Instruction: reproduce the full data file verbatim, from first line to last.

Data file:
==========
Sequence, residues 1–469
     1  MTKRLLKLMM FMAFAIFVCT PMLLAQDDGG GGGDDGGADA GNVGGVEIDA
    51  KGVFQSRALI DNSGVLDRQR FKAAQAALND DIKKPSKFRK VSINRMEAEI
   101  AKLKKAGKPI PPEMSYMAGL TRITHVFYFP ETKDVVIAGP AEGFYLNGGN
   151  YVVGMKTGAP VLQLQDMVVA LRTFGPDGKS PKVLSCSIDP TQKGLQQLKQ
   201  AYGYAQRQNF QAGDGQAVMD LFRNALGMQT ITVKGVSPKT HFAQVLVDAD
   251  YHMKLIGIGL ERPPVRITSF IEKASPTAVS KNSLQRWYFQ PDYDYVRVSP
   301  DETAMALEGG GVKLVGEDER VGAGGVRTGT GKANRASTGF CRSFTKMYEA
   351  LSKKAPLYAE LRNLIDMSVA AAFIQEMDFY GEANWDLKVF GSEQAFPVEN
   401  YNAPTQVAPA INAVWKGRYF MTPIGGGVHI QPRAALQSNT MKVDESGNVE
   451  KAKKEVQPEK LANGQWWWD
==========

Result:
Sequence, residues 1–469
     1  MTKRLLKLMM FMAFAIFVCT PMLLAQDDGG GGGDDGGADA GNVGGVEIDA
    51  KGVFQSRALI DNSGVLDRQR FKAAQAALND DIKKPSKFRK VSINRMEAEI
   101  AKLKKAGKPI PPEMSYMAGL TRITHVFYFP ETKDVVIAGP AEGFYLNGGN
   151  YVVGMKTGAP VLQLQDMVVA LRTFGPDGKS PKVLSCSIDP TQKGLQQLKQ
   201  AYGYAQRQNF QAGDGQAVMD LFRNALGMQT ITVKGVSPKT HFAQVLVDAD
   251  YHMKLIGIGL ERPPVRITSF IEKASPTAVS KNSLQRWYFQ PDYDYVRVSP
   301  DETAMALEGG GVKLVGEDER VGAGGVRTGT GKANRASTGF CRSFTKMYEA
   351  LSKKAPLYAE LRNLIDMSVA AAFIQEMDFY GEANWDLKVF GSEQAFPVEN
   401  YNAPTQVAPA INAVWKGRYF MTPIGGGVHI QPRAALQSNT MKVDESGNVE
   451  KAKKEVQPEK LANGQWWWD